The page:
Torture and the Trial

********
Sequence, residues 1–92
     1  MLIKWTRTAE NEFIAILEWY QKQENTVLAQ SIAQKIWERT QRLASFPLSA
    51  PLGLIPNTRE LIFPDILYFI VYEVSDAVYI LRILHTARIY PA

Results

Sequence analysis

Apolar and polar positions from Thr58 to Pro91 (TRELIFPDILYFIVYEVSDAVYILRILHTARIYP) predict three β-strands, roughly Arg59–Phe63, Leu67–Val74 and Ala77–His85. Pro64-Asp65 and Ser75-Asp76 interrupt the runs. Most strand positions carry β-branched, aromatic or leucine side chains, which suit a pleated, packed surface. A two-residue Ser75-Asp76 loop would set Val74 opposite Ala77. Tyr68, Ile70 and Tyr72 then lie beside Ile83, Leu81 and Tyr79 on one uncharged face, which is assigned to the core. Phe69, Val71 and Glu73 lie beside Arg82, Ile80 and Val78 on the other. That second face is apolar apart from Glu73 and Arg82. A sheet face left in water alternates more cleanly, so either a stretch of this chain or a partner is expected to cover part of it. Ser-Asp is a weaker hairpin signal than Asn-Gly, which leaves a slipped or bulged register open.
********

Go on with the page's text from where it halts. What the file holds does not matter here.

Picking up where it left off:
The Amboyna conspiracy trial became a source of bitter dispute when news of what had happened reached Europe in May 1624. For centuries, English and Dutch writers have traded blows over the guilt or innocence of the alleged conspirators and the positions taken by the two sides are explored in the What’s your verdict section of the site. One reason why the controversy has continued for so long was because the trial was so badly botched and the presiding legal official, the Advocate-fiscal Issaq de Bruyn, has come under intense criticism. A second reason for this ongoing controversy centers on the use of torture to extract confessions and the case has a striking contemporary resonance as it involves the first use of the ‘torture by water’ or waterboarding in a major international legal case. The two sides fought over the legality and the efficacy of waterboarding in a way that would anticipate the ferocious debate that played out over techniques of so-called ‘enhanced interrogation’ that were authorized by the Bush administration and deployed at Guantanamo and other CIA sites around the globe.